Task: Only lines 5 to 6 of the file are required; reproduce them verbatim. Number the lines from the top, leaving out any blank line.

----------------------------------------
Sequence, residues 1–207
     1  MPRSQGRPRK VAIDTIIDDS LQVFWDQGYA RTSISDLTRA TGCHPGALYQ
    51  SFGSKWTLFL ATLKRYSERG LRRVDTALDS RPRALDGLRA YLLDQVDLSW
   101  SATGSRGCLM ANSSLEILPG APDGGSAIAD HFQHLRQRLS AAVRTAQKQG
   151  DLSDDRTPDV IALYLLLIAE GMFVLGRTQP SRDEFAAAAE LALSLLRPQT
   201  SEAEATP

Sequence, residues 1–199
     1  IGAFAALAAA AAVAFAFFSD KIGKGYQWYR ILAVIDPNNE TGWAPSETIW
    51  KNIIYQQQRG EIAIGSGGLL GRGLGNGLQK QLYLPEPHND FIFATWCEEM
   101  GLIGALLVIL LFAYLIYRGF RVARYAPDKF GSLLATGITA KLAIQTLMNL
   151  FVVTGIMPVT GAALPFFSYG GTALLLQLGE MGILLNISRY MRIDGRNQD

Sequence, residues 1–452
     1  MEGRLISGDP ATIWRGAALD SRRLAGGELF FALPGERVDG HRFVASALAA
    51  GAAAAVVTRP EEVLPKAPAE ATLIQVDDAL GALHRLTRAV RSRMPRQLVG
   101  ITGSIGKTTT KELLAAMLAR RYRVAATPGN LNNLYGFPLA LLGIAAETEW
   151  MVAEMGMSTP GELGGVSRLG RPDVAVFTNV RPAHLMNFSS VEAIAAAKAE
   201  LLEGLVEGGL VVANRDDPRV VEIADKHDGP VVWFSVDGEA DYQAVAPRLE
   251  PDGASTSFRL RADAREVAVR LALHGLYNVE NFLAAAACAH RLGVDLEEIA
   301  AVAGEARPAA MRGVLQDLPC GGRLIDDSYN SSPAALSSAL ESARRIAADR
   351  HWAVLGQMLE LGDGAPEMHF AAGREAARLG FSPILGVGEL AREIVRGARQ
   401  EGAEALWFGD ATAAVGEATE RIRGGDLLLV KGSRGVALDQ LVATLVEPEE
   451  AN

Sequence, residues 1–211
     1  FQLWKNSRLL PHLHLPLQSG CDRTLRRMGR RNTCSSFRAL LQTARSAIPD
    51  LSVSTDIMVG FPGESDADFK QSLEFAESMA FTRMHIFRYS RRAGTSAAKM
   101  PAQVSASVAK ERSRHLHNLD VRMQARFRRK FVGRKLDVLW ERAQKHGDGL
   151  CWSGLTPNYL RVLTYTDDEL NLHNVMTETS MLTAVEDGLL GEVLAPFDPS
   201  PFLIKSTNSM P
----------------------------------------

   151  DLSDDRTPDV IALYLLLIAE GMFVLGRTQP SRDEFAAAAE LALSLLRPQT
   201  SEAEATP